Book review: Artemis by Andy Weir

accreditation

Artemis by Andy Weir (first published in 2017 by Del Rey)

Jazz may be a smuggler, but her heart is in the right place. At 26, she’s lived on Artemis for 20 years. As a proud resident of the lunar city, she is unwilling to stand by when fuckery is afoot. 

When she is enlisted into a dodgy deal by the richest man on the moon, the promise of a massive payload is enough motivation for her to get her hands dirtier. 

Read more: 4 ways we can keep our local libraries from being closed down

However, when the seemingly easy task snowballs into a series of murders, lies and a threat to her home, Jazz knows that she needs to make it right. But to do that, she needs help, and she needs to break a few more rules.

Andy Weir has an immensely enviable gift; apart from penning excellent stories, he makes science sexy. Seriously, my inner nerd rejoices at the spotlight levelled on the protagonist’s brain, and not her boobs. 

It’s also refreshing to see a smart, non-white female lead who (let’s be frank) is immensely cool, and immensely able to save the world (ok fine, the moon). In addition to kick-ass action and math for days, Artemis is filled with sly humour, biting sarcasm, and a pinch of drama – it’s an all-inclusive read. 

Artemis, if you’ll pardon the pun, is an otherworldly read. 

Weir has evidently put in a huge amount of research together with creative genius, because while you’re immersed in this story, it’s hard to believe that there isn’t a city on the moon, where aluminium smelting provides oxygen, residents where gizmos (think smart watches on steroids) and the currency is the slug.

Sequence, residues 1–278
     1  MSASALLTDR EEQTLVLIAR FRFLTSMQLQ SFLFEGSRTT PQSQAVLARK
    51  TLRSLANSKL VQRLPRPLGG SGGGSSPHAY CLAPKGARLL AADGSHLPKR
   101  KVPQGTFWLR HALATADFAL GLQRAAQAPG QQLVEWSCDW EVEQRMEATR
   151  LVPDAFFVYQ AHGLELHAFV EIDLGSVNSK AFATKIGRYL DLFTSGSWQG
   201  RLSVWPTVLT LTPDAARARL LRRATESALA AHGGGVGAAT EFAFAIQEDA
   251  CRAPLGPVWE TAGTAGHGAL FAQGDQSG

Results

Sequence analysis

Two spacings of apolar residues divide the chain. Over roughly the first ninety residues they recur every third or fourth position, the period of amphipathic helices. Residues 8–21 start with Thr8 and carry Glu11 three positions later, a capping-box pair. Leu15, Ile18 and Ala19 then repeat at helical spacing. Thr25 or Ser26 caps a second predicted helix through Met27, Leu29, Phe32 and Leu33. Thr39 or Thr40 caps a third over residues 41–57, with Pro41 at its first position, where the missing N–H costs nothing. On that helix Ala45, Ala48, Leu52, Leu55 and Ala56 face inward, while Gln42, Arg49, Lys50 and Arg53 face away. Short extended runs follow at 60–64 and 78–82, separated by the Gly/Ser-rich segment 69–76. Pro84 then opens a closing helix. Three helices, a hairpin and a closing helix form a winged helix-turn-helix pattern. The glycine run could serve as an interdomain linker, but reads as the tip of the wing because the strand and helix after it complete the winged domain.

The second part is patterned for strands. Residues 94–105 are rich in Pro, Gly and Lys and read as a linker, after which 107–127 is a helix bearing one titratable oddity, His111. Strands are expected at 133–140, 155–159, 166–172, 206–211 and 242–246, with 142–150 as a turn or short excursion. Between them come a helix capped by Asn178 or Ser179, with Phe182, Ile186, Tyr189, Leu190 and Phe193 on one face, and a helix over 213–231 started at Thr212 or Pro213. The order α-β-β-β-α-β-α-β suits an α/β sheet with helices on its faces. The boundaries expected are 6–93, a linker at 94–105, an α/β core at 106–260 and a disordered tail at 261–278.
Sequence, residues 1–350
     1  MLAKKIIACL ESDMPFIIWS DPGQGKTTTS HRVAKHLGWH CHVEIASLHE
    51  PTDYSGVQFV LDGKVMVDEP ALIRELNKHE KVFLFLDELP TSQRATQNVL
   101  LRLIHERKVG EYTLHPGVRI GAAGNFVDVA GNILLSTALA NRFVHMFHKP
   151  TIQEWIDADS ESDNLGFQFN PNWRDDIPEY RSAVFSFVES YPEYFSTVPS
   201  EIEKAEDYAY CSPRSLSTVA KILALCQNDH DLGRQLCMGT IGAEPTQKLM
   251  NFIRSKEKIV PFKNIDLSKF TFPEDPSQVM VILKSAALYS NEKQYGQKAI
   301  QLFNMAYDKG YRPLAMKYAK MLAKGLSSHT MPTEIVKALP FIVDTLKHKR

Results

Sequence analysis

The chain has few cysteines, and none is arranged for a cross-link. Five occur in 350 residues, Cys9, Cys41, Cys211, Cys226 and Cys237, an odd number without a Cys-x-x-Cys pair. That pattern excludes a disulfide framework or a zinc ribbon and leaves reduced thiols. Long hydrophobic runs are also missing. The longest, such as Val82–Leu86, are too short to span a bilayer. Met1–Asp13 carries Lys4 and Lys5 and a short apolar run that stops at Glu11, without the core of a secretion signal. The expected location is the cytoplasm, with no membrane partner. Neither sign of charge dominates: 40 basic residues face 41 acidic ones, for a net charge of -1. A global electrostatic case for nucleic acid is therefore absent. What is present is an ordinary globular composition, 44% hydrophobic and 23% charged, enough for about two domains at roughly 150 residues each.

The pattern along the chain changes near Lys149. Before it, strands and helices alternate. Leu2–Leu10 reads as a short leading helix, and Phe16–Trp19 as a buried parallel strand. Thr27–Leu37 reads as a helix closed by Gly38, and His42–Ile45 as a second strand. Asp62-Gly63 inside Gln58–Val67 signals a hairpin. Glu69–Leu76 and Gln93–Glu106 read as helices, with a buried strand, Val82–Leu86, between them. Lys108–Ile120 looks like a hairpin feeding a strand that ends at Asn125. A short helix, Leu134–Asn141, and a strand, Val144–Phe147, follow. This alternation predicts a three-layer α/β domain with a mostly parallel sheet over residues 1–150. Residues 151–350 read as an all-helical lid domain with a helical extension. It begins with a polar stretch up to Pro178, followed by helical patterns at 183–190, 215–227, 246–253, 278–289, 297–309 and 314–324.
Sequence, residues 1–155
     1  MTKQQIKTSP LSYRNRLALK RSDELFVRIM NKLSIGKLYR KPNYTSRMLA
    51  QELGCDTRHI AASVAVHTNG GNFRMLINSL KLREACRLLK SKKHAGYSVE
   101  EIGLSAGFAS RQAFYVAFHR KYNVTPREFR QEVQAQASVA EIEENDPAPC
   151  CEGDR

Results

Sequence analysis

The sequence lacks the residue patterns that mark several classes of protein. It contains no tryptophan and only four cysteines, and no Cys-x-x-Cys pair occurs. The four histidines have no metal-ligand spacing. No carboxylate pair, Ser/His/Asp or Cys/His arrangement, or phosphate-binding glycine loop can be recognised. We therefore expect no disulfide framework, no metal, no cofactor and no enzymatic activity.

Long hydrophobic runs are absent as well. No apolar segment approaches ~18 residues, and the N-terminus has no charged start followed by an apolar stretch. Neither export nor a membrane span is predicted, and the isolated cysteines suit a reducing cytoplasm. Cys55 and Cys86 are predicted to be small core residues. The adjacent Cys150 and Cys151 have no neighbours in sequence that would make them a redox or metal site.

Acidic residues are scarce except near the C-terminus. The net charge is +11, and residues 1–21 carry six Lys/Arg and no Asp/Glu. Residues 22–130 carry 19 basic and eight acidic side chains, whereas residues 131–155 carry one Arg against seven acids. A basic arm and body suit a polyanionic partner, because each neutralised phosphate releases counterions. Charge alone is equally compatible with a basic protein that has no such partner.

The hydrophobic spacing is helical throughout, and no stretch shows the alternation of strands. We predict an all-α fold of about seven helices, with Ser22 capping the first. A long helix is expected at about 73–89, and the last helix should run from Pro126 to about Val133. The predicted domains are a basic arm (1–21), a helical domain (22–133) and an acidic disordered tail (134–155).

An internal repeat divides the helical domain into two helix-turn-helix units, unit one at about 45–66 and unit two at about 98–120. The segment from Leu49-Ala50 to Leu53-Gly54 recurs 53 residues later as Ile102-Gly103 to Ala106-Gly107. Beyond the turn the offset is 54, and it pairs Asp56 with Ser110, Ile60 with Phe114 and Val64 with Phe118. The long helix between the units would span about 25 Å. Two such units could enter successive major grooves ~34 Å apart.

Read more: Colouring-in may benefit your mental health

But alas for would-be travelers such as myself, Weir’s world is not yet a reality on mine. 

I so enjoyed Artemis, with its female bad-ass lead, unique humour and scientific flair, that I cannot truly fault anything about this.

I’ll give it five stars (ha – space pun - I can't stop). 

Artemis should definitely be added to the top of your ‘to-be read’ pile, because it’s just that good.

Purchase a copy of the book from Raru.co.za.

Read more of Samantha’s reviews on her book blog and check out her Instagram account.

Sign up to W24’s newsletters so you don't miss out on any of our hot stories and giveaways.

We live in a world where facts and fiction get blurred
In times of uncertainty you need journalism you can trust. For 14 free days, you can have access to a world of in-depth analyses, investigative journalism, top opinions and a range of features. Journalism strengthens democracy. Invest in the future today. Thereafter you will be billed R75 per month. You can cancel anytime and if you cancel within 14 days you won't be billed. 
Subscribe to News24
Voting Booth
Do you think it's important to get married in this day and age?
Please select an option Oops! Something went wrong, please try again later.
Results
Yes, it's important in order to create a family unit and for companionship
23% - 880 votes
Not at all. Being single is far more liberating
9% - 353 votes
There is no general answer to this, it's each to their own
49% - 1909 votes
Yes, society still frowns on unmarried people, especially women
1% - 53 votes
It depends on whether you are able to find a compatible partner
18% - 693 votes
Vote